Language at the ❤️ of Conversational Interfaces

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A Chat About Language and UI

Robotspeak in San Francisco. A great store, but it’s also exactly how conversational interfaces should NOT sound: like a robot. Conversational interfaces offer a natural way to deal with a multitude of digital asks and tasks and the crafting of language is critical to that intent. (Image by Ultan Ó Broin)

Robotspeak in San Francisco. A great store, but it’s also exactly how conversational interfaces should NOT sound: like a robot. Conversational interfaces offer a natural way to deal with a multitude of digital asks and tasks and the crafting of language is critical to that intent. (Image by Ultan Ó Broin)

Chatbots and conversational interfaces are all the rage right with startups, VCs, innovators and users alike. Messenger apps have surpassed social media in terms of popularity and we’re witnessing the awesome agency of chatbots such as KLM Messenger as a natural way for users to perform a huge range of digital asks and tasks without the need for special devices or apps.

Going Global With Conversational Interfaces

But what are the localization and translation aspects to chatbots and conversational computing?

To a large extent, the natural language processing (NLP) backend capabilities of the bot or messaging platform determine much of the linguistic side of the user experience (UX). However, there are plenty of other considerations for internationalization and localization people to concern themselves with, not least educating designers and developers in globalization best practices.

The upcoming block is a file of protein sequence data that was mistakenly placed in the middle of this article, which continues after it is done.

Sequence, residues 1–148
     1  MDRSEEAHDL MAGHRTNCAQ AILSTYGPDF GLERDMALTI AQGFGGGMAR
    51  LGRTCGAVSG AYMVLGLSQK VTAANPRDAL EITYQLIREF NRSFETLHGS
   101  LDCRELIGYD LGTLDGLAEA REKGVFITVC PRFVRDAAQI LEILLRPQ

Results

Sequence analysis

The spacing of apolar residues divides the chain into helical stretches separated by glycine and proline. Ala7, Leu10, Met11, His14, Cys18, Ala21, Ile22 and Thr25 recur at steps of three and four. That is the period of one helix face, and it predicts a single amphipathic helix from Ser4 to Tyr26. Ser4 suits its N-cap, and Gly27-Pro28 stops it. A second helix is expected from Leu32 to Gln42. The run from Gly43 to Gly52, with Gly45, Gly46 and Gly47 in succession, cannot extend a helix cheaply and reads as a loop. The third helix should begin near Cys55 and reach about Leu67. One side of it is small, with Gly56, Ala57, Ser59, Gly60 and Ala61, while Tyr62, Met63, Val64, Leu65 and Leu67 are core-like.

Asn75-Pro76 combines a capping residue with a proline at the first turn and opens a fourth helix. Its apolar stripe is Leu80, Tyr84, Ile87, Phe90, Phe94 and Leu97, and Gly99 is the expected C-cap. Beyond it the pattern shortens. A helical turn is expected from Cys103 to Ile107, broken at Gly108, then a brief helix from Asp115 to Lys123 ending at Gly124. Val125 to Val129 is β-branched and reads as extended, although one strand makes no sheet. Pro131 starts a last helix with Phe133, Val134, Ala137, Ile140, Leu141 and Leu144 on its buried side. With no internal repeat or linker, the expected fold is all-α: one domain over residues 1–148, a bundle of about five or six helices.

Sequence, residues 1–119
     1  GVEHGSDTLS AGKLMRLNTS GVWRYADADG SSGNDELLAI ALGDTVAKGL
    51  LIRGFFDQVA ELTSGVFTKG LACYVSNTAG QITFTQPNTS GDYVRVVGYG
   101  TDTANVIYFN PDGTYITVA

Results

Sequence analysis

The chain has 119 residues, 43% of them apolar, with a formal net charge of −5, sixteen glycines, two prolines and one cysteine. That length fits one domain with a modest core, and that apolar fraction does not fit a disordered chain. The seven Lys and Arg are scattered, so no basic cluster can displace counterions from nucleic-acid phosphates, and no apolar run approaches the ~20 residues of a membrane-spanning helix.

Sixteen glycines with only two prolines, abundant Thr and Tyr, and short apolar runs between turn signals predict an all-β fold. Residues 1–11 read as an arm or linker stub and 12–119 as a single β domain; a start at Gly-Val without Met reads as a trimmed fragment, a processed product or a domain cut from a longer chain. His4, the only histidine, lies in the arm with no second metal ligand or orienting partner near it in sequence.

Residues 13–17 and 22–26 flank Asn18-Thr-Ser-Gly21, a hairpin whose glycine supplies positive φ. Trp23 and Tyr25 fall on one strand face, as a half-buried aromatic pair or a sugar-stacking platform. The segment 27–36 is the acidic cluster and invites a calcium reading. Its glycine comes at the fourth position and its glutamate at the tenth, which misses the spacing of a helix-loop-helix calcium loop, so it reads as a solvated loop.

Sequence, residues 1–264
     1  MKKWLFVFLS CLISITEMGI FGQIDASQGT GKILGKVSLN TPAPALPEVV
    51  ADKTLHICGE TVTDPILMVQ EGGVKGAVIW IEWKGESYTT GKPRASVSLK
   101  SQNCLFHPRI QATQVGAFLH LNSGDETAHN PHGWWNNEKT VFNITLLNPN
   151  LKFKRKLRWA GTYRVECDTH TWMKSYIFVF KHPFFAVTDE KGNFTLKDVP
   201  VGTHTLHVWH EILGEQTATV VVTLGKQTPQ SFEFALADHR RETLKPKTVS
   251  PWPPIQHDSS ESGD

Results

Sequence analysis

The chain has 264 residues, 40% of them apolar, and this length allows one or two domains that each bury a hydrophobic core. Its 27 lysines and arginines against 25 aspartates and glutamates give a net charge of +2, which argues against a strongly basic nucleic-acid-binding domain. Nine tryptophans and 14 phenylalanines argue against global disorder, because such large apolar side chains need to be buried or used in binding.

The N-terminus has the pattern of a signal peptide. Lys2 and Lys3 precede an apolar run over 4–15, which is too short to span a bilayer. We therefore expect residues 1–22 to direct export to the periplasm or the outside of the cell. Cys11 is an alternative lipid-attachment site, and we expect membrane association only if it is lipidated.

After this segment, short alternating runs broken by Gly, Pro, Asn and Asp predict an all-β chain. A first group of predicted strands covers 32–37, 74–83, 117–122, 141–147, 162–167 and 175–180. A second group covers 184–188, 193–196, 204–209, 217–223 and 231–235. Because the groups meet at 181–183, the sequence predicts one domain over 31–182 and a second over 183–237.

Check out this super article “Do you want your chatbot converse in foreign languages? My learnings from bot devs” by Artem Nedrya for a start.

It is also very clear that there is a huge role for the conversational UI writer in the design and creation of conversational interfaces. An understanding of language, its style, tone, grammar, and so on, is central to making or breaking a conversational interface UX but also to ensuring that any content created is localizable and makes sense to a local user.

Here’s an article I wrote for Chatbots Magazine that covers the topic of language and chatbot UX that also touches the translation space. I hope you find my thoughts in “Writing Skills: At the ❤️ Of Chatbot UX Design” useful.

Conversational UI is dependent on bot and messenger platform NLP capability but human language skills are still definitely at the core of conversational UI design. (Image by Ultan Ó Broin)

Conversational UI is dependent on bot and messenger platform NLP capability. But human language skills are still definitely at the core of conversational UI design. (Image by Ultan Ó Broin)

Don’t be surprised if you see the topics of chatbots and conversational interfaces coming up on the agendas of localization conferences and in publications a lot more!

As ever, for a conversation on this blog post, find the comments box!

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Ultan Ó Broin

About Ultan Ó Broin

Ultan Ó Broin (@localization), Oracle applications user experience senior director, works from a plane on evangelizing the importance of usability to Oracle’s development community and leading usability research into how enterprise apps users work globally. With over two decades experience and insight into globalization issues, he has an established track record of published articles, papers, presentations, blog articles and tweets on just about every aspect of the industry. He is currently pursuing a PhD, researching information technology and accessibility. Any views expressed are his own and do not reflect the views of Oracle, unless explicitly stated.

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